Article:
Thousands of Irish patients forced to go abroad for treatment which could be delivered here
The HSE is paying for thousands of Irish patients on waiting lists to go abroad when they could be treated in private hospitals in this country, it was claimed today.
Under the EU Cross Border Directive a patient in need of surgery or an outpatient appointment can seek a doctor’s referral to a hospital in Northern Ireland, the UK or other EU member country and have the cost reimbursed by the HSE.
However, the Private Hospitals Association (PHA)- representing private hospitals - said these patients could be treated here on their own doorstep and spared the long journey.
It would relieve the patients the burden of having to go abroad and foot the cost of travel for which they are not reimbursed.
Simon Nugent, chief executive of the PHA, called on Health Minister Simon Harris to seek a change in HSE policy and allow the treatment at home.
“Hospital waiting lists have reached all-time highs, with 1 in 8 people in Ireland (570,000) currently awaiting some form of hospital treatment. 14,000 Irish patients joined the queue since March this year alone,” Mr Nugent said.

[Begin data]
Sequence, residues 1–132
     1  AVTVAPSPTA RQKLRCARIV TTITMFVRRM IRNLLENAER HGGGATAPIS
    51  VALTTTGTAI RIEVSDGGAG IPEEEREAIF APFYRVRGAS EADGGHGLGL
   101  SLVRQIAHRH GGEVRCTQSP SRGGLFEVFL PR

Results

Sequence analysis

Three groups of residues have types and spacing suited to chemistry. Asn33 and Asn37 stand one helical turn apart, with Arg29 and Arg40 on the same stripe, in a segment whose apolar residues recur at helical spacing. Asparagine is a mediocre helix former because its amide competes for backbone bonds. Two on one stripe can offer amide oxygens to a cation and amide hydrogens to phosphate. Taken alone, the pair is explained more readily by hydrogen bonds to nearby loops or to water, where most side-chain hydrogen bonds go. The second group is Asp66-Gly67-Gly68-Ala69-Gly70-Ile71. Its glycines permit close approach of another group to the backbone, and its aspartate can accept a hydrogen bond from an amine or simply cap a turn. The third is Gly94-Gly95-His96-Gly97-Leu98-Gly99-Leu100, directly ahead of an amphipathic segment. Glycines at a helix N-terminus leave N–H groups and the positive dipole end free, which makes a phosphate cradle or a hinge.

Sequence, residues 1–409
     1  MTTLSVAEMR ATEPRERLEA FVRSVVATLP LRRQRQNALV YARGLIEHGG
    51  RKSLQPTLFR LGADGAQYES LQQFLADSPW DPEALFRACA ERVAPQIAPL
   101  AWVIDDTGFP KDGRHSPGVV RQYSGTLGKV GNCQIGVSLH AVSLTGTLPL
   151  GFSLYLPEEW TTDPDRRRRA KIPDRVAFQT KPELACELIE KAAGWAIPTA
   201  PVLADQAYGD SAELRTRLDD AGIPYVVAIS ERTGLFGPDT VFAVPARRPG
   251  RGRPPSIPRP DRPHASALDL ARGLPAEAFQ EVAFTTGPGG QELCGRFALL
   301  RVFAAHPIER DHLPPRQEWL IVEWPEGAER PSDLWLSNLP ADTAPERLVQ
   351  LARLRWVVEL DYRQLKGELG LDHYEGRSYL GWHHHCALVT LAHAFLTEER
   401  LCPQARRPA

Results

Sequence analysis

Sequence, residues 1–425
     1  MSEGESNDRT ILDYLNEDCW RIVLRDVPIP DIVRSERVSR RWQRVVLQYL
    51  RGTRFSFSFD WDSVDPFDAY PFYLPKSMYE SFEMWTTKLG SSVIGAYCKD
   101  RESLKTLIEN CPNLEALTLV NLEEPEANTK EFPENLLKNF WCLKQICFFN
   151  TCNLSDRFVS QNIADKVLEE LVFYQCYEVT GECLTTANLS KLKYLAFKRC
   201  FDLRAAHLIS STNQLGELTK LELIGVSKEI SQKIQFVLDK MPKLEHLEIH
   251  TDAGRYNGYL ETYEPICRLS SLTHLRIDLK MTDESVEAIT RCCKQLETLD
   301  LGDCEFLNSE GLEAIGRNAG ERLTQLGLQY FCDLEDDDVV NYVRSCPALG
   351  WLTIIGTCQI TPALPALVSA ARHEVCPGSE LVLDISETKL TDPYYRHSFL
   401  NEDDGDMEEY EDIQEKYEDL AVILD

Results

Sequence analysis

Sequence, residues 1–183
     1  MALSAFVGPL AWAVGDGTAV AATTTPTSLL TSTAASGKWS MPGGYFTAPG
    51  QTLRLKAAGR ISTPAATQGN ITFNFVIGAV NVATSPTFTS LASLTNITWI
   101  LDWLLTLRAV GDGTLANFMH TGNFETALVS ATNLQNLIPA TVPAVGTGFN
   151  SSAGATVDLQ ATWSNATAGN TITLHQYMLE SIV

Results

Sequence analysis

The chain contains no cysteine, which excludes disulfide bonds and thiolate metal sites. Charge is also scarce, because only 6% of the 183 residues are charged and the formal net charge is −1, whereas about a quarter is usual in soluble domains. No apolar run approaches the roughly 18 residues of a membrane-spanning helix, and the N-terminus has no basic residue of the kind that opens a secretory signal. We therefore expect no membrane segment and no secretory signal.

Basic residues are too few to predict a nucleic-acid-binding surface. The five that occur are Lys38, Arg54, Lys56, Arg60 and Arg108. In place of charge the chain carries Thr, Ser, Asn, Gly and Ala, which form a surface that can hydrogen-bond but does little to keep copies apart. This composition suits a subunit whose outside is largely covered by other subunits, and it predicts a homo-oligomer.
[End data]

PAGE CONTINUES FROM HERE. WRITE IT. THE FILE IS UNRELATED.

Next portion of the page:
“There is a network of 19 private hospitals dotted throughout the country that could make substantial in-roads into these waiting list numbers. It is perverse that waiting patients are being urged by the State to seek treatment abroad but not here.
"The HSE is spending increasing amounts of money under the Cross-Border Directive treating patients elsewhere in the EU. Bizarrely, the only private hospitals in Europe where patients are not entitled to be treated are those in Ireland. You can choose Milan or Munich, Bristol or Budapest but if you go to any private hospital across Ireland you won’t be refunded by the HSE.”
“Private hospitals here seek parity under the HSE scheme. With the Cross-Border Treatment Directive, the HSE will only refund the bills from a private or public hospital in an EU country up to the cost of doing the procedure in a public hospital in Ireland. The Minister for Health should instruct the HSE to simply apply the same rule within Ireland. Member states are not required by the EU to apply the Cross-Border Directive in their home country but neither do they forbid it.”
“It is unfair to patients to force them to go abroad, opening them to health risks too. The distance between home and where the procedure occurred is a clinical risk particularly if there are complications or a need for readmission. Patients requiring subsequent visits to the hospital abroad must apply again to the Scheme.”
In response the HSE said today that does not have any discretion on how the scheme is implemented and it is bound by EU rules which insist that the treatment must be obtained cross border.